One doesn’t expect a man who has been “in conflict with (his) immediate society for most of (his) adult life” to be as enthusiastic about his past as Max du Preez is.
By his own admittance, it has not been easy. In Pale native: Memories of a renegade reporter, Du Preez describes his life leading up to the mid-’90s as one “in conflict with my family, my ethnic group and my society; a life characterised by rage, secrecy, danger, isolation, hatred, resentment, bitterness Ã¢Â€Â“ an exhilarating life with very few dull moments, but essentially a life without love, gentleness and caring”.
Just over ten years later, Du Preez says he doesn’t think “anybody, anywhere, anytime” could ask for a more interesting and rewarding life. “I’ve been a witness to stuff that people hadn’t seen in hundreds of years and won’t see in hundreds of years. And I’ve been a witness sitting in the front row.”
Du Preez reported on the independence of Mozambique and Angola, the Soweto uprising, the war in Angola and Namibia, and the apartheid parliament. “I had the fantastic privilege to start a newspaper owned by journalists (Vrye Weekblad)… and (of) exposing the violent part of apartheid in my own language (Afrikaans).
Then I went to work for the public broadcaster and I did the main documentary series on the Truth Commission. “In every step of our nation’s emancipation and the subcontinent’s emancipation, I was there.”
Du Preez is the product of a “very conservative Afrikaner nationalist, Christian, Free State home, school and university”.
“My father was not happy to have someone in the family who is a journalist. So I studied law (at the University of Stellenbosch), but it bored me stiff.” Du Preez thought journalism would “take (him) places and introduce (him) to people”. It did more than that Ã¢Â€Â“ journalism allowed him to “witness things and see reality”; to discover for himself that the National Party was lying to Afrikaners.
Almost 30 years on, he remembers what he witnessed around 1979 in southern Angola as if it happened an hour ago Ã¢Â€Â“ an experience he regards as career-defining. “I was witness to the South African Defence Force blowing up a town called Chitado. We landed in the choppers and we walked around among the dead bodies.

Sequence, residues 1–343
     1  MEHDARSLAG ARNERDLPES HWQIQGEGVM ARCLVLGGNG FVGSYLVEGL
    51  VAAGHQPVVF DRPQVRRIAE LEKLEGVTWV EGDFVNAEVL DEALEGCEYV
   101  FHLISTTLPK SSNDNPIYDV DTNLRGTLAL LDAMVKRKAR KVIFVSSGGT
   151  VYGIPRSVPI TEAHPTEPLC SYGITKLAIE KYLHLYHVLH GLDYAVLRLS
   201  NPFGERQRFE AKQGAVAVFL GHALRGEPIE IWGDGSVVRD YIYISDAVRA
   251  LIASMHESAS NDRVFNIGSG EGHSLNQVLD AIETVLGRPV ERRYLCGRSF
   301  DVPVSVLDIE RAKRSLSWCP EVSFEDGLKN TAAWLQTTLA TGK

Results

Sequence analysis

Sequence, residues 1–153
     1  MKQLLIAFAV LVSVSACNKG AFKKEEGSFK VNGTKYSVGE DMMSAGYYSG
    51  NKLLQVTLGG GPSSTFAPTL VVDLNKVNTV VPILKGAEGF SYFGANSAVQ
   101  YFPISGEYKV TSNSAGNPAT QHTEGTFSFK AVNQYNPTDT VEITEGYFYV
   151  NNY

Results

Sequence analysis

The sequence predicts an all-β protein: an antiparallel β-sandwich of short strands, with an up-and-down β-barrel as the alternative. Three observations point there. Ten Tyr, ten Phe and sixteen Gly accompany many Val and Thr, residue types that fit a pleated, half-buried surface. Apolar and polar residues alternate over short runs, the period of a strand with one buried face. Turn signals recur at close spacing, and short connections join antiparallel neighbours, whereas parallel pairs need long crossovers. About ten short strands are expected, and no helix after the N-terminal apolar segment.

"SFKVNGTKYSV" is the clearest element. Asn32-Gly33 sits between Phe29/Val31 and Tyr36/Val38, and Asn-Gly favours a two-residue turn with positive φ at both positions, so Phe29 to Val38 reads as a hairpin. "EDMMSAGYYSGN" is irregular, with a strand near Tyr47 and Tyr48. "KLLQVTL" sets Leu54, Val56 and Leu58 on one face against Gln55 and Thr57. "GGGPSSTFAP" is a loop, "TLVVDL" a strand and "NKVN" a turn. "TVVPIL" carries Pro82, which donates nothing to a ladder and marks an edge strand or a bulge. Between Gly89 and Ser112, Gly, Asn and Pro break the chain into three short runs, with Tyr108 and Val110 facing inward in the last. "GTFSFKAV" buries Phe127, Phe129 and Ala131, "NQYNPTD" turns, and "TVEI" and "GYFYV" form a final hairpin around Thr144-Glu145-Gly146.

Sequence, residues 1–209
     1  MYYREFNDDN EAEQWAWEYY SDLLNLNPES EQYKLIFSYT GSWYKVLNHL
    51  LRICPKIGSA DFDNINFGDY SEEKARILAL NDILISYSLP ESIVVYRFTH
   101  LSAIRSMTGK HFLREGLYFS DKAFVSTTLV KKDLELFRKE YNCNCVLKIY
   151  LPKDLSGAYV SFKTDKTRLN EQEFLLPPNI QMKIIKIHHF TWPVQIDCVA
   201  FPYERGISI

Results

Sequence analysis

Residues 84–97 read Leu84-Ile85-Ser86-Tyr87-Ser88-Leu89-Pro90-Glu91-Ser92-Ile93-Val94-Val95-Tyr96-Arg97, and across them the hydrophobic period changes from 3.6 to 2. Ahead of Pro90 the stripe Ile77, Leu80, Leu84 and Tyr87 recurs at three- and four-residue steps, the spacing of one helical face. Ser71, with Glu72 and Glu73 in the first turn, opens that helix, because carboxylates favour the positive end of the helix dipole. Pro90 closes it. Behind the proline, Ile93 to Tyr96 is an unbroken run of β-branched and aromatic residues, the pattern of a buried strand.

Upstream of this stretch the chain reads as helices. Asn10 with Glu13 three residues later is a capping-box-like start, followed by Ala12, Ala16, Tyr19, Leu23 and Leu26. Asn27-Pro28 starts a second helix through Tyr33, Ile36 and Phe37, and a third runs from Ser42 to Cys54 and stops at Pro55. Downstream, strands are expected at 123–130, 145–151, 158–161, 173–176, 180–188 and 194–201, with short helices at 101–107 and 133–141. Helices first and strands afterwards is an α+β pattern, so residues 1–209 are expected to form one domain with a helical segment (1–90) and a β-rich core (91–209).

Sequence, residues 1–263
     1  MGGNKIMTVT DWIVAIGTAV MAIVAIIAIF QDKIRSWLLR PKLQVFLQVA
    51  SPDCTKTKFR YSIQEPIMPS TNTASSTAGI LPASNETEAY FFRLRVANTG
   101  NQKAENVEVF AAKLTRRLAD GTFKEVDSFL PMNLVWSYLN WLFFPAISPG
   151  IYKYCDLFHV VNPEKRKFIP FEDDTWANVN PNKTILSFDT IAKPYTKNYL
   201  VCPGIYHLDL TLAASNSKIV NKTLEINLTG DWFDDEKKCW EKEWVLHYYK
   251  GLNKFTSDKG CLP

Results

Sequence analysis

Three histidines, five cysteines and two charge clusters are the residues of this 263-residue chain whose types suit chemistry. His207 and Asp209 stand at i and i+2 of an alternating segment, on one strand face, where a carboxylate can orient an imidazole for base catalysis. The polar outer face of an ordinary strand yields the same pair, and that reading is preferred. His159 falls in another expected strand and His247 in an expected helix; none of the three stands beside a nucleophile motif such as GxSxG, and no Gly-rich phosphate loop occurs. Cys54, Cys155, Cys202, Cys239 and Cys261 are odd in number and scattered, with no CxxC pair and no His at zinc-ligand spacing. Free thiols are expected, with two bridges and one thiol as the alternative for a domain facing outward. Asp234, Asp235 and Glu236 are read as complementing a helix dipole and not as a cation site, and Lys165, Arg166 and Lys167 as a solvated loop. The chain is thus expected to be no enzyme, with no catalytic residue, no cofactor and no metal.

“There was a SWAPO guerrilla in his uniform with his AK47. I stepped over him to take a picture of all of this death and destruction. And this man looked up Ã¢Â€Â“ he was not dead yet Ã¢Â€Â“ and said to me in Afrikaans: Ã¢Â€Â˜Het die baas vir my water?’ (!_LT_EMCould the master give me some water?!_LT_/EM)
“I was two countries from my own. And here was a man brave enough to fight and to die for his country. And one, he called me Ã¢Â€Â˜baas’ (Ã¢Â€Â˜the form of address enforced by whites on black people for centuries’), and two, he spoke my language. “That was a kick in the stomach.”
June 16, 1976 equally made an impression on the then 20-something Du Preez. “It was a real hard knock I took to my consciousness. It made me wake up and say: Ã¢Â€Â˜What I have lived so far was just a bizarre little dream. Ã¢Â€Â˜Here’s the reality.’ “
Du Preez says being contrary all the time is not a decision Ã¢Â€Â“ it comes with the job. “I know that my role is to investigate and report on the stuff that people don’t want to hear. I could have thought of better things to do in the ’80s than to sniff out death squads. But I knew there were things like Vlakplaas and the Civil Cooperation Bureau (CCB). Nobody was exposing it and that’s why I accepted it: This is my life. I am a journalist.”
He continues to ruffle feathers. When Du Preez recently proposed that a plea bargain should be considered in the Jacob Zuma case, people called him a whore and a turncoat. “And I read it (in the paper) and I wonder why is it that I don’t feel insulted by it all.
“In a sense, I wonder if it’s not a lack of sophistication on my part: I don’t know how to play a double role. I don’t know how to be false. It’s easier for me to just stick to what I know and see and to be honest and to say what I think.”
Du Preez is clearly not afraid of being unpopular. One thing that does scare him is the “current ANC”. He adds: “I have fears for our future in this country.” According to his autobiography, Du Preez is terrified of flying Ã¢Â€Â“ the result of several aeroplane and helicopter crashes and crash-landings.
He writes about a plane crash in 1978: “I knew for certain I was going to burn to death. My mind was filled with absolute, overwhelming terror. So this was my life, then. I was overcome with a deep sadness that my life so far had amounted to so little, and now I was going to die.”
Du Preez thwarted death on more than one occasion Ã¢Â€Â“ particularly during the Vrye Weekblad years. In 1991, for example, Vrye Weekblad‘s offices were bombed not long after the staff members had left the building. It is believed that he escaped a planned assassination when he failed to arrive home at the expected time one day.
Vrye Weekblad, however, was not as lucky as its editor. The paper closed down on 2 February 1994, not six years after its launch, following a successful defamation suit against it that resulted in bankruptcy. The suit followed the publication of reports claiming that Lothar Neethling, a former assistant commissioner of police, had prepared poison that was to be used to kill anti-apartheid activists.
Du Preez then joined the SABC, where he eventually cofounded and became the executive producer of the investigative programme “Special Assignment”.
The programme celebrated a decade on air in August this year Ã¢Â€Â“ without him. He was fired in 1999 Ã¢Â€Â“ “completely out of the blue”.